In addition to her depiction as a serene adult female bearing harvests of potatoes and cocoa leaves, Pachamama is also associated with sacred sites such as hallowed rocks and the revered boles of legendary trees. These shrines serve as focal points for reverence and devotion, honoring her connection to the natural world and the abundance it provides. Furthermore, Pachamama’s significance extends beyond her physical form, encompassing the four cosmological Quechua principles of Water, Earth, Sun, and Moon, which she embodies as the ultimate Earth Mother deity.


Pachamama’s familial connections within the Inca pantheon are intricate and central to understanding her divine role. She is revered as the mother of Inti, the sun god, and Mama Killa, the moon goddess, although some sources also depict her as the wife of Inti. Additionally, Pachamama is associated with lightning and is sometimes referred to as its spouse. The complexity of her relationships reflects the multifaceted nature of Inca mythology.

In some traditions, Pachamama’s relationship with Inti symbolizes the cycle of life, as they together bring forth life and sustenance. However, other myths portray her as a powerful and independent entity, predating even the gods themselves. Some stories describe her as the mother of twin gods, Hanan Pacha (Upper World) and Kay Pacha (This World), underscoring her role as the progenitor of all creation.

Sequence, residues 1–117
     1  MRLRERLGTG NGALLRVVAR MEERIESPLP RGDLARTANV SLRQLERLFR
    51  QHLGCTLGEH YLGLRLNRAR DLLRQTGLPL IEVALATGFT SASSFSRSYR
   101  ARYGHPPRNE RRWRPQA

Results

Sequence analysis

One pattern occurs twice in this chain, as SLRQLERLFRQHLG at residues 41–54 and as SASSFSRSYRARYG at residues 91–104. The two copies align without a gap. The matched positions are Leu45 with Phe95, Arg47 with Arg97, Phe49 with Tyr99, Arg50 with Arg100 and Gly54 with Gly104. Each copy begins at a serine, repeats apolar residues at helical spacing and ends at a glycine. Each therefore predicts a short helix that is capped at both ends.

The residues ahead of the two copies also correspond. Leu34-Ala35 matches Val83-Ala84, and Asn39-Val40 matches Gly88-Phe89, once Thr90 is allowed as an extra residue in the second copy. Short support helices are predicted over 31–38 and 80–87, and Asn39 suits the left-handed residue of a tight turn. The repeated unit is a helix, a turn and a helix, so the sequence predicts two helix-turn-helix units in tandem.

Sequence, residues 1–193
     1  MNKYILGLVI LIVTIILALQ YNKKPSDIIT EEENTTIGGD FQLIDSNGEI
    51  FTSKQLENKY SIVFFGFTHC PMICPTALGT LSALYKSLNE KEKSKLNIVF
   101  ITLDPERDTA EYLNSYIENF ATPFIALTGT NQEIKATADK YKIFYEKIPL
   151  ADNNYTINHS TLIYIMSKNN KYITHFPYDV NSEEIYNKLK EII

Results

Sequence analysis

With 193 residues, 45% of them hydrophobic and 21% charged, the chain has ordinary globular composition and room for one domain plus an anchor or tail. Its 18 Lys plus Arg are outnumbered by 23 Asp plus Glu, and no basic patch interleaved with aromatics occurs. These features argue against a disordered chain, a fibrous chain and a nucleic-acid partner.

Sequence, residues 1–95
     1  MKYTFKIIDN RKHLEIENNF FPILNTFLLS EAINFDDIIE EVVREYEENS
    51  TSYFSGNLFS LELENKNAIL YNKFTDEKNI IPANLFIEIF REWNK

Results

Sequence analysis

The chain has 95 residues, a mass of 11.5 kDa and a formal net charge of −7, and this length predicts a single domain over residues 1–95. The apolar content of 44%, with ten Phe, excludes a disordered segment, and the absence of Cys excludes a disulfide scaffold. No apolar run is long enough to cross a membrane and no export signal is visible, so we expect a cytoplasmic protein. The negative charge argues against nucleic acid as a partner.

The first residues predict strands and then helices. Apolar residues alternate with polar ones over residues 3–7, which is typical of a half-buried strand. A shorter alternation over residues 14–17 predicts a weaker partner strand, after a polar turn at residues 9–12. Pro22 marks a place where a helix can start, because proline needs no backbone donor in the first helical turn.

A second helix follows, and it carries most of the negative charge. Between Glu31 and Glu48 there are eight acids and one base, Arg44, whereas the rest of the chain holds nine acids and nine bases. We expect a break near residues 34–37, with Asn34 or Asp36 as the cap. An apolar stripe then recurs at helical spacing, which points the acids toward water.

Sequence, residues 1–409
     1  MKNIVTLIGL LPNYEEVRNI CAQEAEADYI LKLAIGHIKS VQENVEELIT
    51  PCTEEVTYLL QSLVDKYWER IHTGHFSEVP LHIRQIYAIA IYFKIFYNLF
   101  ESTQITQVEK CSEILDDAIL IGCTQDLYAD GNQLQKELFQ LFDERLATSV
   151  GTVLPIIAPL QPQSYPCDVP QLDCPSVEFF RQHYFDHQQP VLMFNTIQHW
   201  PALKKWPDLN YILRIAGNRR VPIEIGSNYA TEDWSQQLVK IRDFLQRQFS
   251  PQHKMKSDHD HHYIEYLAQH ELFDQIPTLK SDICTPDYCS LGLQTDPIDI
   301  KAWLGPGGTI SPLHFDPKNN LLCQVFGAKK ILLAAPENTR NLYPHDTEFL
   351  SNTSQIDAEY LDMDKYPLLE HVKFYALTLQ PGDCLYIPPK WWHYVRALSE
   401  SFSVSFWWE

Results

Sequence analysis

The reverence for Pachamama extends beyond familial ties, encompassing her divine consort, Pachacamac, the creator god who shaped the world and its inhabitants. Together, they form a cosmic duality, embodying the complementary forces of creation and nurturing that sustain the universe. Pachamama’s divine offspring, including Inti and Mama Killa, further solidify her status as the matriarch of the Inca pantheon, embodying the interconnectedness of all life within the Andean cosmology.

Other Names